Surf-rock and skateboarders to bluegrass and square-dancing. At 4 p.m. the Boxcar Stage had a brilliant performance by a cadre of musicians providing a square-dance. Instructions were given to parents, children, grandparents and young lovers. Things got a bit disorganized, as not everyone was as fluid and familiar with the Appalachian tradition. However, Nelsonville Music Festival made sure to include this unique part of its history and culture.
“I’m going to be making gendered calls on this one,” said one of the band members. “But like a friend of mine says, ‘It’s not the parts you have, but the part you play.’”
Tradition balanced with inclusion, everyone was welcome to dance.
Saturday night’s headliner included pussycat singers, acrobatic male strippers, moomoos, an orange and green ballooned octopus and a 76-year-old genre-defining funk god on what might be his very last tour.
George Clinton and Parliament-Funkadelic took the stage before the largest turnout for any of the performers thus far at NMF. The band was ready to lead the attendees onto the Parliament mothership and start the party. The crowd was ready as well.
Despite his age, the creator of such classics as “Flashlight,” “Atomic Dog” and “We Got the Funk” rolled onto the Main Stage with an army of P-Funk support. He donned a relatively subdued angel-white costume replete with padding and designs, along with a clashing Parliament ball cap. Clinton cued the crowd by waving his arms, jumping and doing other assorted hand/arm gestures to correspond with the music. The Parliament mothership was in full swing in no time with the customary eccentricity that have made the band’s live performances so noteworthy and entertaining.
One of Clinton’s three backing vocalists was clad in skin-tight spandex with cat ears. Another P-Funk performer, known as The Nose, climbed the speakers and began an acrobatic display while suspending his feet above his head. Meanwhile the funk music transfixed the audience. Clinton had at least four hype men cycling in and out, egging the crowd on through his hit songs.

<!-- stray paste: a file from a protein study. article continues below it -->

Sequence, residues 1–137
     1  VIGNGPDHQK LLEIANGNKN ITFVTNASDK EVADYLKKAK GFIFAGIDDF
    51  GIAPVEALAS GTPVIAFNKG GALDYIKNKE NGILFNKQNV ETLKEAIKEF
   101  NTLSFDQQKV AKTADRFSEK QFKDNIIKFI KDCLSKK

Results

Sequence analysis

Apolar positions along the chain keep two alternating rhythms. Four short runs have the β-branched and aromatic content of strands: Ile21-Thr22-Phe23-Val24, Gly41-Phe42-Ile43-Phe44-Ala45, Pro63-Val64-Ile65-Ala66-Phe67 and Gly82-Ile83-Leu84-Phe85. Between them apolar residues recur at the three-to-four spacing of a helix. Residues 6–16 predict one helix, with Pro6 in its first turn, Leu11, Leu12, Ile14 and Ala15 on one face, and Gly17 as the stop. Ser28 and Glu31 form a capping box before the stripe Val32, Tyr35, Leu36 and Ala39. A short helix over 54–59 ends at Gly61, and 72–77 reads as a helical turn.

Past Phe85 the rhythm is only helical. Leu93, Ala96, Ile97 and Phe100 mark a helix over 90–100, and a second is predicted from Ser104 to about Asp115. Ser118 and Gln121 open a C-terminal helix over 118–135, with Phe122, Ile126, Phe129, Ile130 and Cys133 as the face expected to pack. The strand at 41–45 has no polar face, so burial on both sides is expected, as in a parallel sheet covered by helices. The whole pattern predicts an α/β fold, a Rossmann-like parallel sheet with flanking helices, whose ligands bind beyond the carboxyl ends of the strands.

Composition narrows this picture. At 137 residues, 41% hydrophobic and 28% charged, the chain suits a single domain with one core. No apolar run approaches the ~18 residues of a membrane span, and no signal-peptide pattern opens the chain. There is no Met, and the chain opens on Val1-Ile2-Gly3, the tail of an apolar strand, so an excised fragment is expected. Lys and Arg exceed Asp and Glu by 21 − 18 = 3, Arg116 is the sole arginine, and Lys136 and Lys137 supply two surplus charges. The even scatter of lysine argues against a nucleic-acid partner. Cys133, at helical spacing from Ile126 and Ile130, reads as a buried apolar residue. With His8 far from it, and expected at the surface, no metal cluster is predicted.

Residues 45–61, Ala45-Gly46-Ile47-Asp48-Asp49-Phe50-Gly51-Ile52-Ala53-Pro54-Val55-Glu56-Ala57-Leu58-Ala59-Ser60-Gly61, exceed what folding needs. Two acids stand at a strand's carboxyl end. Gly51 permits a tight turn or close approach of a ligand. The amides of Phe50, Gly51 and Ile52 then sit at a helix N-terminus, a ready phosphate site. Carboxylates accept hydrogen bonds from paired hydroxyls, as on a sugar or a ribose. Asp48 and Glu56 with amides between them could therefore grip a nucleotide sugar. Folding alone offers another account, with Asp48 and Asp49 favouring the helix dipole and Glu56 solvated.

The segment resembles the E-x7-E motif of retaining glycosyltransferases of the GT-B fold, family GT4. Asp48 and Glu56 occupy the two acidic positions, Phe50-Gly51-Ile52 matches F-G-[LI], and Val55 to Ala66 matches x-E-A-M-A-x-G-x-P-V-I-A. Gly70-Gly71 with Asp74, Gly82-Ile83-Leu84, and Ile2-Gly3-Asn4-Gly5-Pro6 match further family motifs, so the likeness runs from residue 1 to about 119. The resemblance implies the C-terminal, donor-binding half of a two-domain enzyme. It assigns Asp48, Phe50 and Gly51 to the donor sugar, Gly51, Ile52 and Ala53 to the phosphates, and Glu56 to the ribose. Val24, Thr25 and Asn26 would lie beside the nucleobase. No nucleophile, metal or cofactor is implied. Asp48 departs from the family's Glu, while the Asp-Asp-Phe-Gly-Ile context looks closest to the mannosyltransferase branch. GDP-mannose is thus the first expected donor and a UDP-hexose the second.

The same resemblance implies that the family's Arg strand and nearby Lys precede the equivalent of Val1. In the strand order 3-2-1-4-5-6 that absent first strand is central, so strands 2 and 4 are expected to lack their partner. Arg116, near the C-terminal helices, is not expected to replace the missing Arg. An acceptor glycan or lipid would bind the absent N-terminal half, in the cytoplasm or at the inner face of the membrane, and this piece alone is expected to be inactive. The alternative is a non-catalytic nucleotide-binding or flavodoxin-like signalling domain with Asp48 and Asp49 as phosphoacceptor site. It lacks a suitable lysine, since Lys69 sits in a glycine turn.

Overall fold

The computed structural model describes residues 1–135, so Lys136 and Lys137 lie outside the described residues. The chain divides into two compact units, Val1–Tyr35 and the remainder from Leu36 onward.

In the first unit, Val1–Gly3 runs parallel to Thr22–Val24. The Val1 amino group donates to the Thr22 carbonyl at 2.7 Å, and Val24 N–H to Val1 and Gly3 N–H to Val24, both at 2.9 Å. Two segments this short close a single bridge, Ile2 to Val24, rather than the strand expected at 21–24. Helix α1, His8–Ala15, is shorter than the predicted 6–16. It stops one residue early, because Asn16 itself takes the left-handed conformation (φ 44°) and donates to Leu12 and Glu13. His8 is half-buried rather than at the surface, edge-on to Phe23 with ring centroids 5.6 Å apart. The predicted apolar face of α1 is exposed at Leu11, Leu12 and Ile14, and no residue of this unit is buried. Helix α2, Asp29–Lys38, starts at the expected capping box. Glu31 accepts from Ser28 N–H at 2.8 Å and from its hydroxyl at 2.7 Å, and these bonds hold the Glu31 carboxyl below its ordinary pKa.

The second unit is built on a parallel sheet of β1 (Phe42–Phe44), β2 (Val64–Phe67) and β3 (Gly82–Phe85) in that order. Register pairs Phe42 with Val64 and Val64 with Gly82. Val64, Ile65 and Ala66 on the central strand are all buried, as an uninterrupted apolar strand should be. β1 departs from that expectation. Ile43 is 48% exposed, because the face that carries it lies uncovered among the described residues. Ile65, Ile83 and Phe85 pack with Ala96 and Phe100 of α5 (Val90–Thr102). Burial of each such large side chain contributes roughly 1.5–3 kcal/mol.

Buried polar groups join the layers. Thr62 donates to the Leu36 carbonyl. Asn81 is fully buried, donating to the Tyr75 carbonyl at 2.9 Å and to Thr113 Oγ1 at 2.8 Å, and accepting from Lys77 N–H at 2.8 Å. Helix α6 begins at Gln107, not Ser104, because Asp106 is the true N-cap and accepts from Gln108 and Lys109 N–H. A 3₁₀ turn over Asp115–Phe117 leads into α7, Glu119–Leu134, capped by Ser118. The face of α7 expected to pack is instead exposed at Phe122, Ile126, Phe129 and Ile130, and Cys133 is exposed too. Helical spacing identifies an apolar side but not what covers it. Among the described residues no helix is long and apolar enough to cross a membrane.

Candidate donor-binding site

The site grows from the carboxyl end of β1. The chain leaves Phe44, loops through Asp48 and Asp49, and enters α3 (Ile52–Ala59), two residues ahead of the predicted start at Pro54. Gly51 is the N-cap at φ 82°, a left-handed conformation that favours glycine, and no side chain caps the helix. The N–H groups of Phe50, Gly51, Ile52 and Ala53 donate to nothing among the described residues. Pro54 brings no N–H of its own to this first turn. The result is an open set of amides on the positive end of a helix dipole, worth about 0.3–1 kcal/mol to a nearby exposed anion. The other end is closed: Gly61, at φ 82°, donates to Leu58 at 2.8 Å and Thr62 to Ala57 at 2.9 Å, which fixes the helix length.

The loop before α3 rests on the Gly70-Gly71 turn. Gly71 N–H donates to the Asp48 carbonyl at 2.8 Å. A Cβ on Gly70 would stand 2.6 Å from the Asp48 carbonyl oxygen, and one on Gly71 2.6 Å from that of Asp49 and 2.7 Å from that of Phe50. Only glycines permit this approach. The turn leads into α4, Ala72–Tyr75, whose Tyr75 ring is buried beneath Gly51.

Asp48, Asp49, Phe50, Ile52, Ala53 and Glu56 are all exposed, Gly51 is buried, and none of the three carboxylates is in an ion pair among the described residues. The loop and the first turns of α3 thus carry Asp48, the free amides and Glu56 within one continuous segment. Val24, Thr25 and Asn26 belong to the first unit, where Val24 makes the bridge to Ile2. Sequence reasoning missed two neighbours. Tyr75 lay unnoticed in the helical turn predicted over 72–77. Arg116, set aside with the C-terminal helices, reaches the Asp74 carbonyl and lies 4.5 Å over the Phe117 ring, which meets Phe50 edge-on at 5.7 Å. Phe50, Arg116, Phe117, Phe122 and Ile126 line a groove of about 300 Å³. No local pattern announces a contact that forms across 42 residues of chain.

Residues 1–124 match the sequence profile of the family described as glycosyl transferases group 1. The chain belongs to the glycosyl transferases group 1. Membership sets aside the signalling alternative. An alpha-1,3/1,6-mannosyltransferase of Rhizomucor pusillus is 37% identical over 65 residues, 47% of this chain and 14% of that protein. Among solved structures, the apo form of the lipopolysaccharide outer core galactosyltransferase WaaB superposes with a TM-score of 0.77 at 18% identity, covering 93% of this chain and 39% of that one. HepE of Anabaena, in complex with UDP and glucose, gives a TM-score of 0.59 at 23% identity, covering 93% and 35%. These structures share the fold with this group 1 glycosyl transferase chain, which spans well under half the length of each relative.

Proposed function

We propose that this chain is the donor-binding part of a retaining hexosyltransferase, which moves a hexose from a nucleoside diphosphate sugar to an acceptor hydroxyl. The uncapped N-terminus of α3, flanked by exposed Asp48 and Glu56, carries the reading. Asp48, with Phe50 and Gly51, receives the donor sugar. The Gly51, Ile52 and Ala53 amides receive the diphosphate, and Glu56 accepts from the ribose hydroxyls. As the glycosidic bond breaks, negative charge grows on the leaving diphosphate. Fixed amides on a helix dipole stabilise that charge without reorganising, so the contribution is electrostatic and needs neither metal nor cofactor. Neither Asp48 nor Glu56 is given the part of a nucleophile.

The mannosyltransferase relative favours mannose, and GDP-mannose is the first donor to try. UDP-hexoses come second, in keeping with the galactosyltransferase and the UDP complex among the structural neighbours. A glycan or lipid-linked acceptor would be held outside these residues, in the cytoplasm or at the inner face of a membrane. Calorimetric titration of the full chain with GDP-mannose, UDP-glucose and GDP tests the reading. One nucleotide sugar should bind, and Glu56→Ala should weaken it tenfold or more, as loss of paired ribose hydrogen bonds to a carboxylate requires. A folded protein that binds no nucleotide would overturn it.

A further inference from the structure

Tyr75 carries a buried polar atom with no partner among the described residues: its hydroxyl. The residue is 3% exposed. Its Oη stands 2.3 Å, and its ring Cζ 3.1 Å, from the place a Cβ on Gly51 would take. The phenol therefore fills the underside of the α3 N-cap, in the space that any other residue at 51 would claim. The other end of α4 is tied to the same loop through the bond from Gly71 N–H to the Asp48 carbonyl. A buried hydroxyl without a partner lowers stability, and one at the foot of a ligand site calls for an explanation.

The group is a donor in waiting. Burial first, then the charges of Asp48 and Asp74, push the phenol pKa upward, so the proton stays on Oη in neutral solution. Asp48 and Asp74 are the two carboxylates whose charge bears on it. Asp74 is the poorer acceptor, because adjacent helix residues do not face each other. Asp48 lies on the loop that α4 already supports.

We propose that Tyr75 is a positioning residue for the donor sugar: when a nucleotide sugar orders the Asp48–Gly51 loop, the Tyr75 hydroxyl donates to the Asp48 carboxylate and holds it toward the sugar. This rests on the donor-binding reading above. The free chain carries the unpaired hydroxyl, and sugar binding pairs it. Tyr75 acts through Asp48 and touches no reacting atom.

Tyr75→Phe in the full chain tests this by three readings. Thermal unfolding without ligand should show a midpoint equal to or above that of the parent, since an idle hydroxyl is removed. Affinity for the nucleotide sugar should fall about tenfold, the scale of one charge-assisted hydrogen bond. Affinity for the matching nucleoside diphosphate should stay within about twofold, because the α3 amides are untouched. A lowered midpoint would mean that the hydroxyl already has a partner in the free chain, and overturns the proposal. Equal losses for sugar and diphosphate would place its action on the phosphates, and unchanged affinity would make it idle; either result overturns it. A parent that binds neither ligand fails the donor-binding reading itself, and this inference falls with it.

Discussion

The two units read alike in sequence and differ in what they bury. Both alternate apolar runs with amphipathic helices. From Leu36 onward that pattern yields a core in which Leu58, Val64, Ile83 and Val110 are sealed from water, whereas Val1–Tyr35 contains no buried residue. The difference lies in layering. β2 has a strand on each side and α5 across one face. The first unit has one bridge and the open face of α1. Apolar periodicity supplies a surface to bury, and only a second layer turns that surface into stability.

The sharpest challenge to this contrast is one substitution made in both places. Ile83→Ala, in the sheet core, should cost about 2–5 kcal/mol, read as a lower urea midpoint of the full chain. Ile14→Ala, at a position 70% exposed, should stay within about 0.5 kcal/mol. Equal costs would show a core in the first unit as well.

During lengthy brass and guitar solos, Clinton had to sit down. He had put a chair right in front of the drums, where he would rest for periods and let Parliament carry the load, occasionally directing traffic and giving cues to his bandmates. It became obvious that Clinton was doing all he could to keep up and entertain the crowd. His moments on the mic were relatively few and were mostly done in tandem with other P-Funk bandmates. Clinton was the only member onstage without any shoes. He would periodically wave to the audience with a large grin, the way a grandfather might wave at his children’s kids as they’re leaving to go home.
Approximately halfway through the set, a gigantic orange and green balloon octopus emerged from the back of the crowd. Clinton smiled and pointed at it, along with the rest of the band, not entirely sure what to make of it. By this point, Clinton had taken off the white layer of his costume to reveal a purple and white moomoo—his only costume change for the evening. P-Funk ended the set by letting an enormous group of appreciative onlookers onstage. It was chaotic, fun and fueled with energy from grateful fans.
After the finale, one of the P-Funk members took the mic and reminded the audience, “This might be the last time you see George Clinton on this stage.” It was a somber, empathic reminder not to take anything for granted, and a beautiful way to end Saturday night.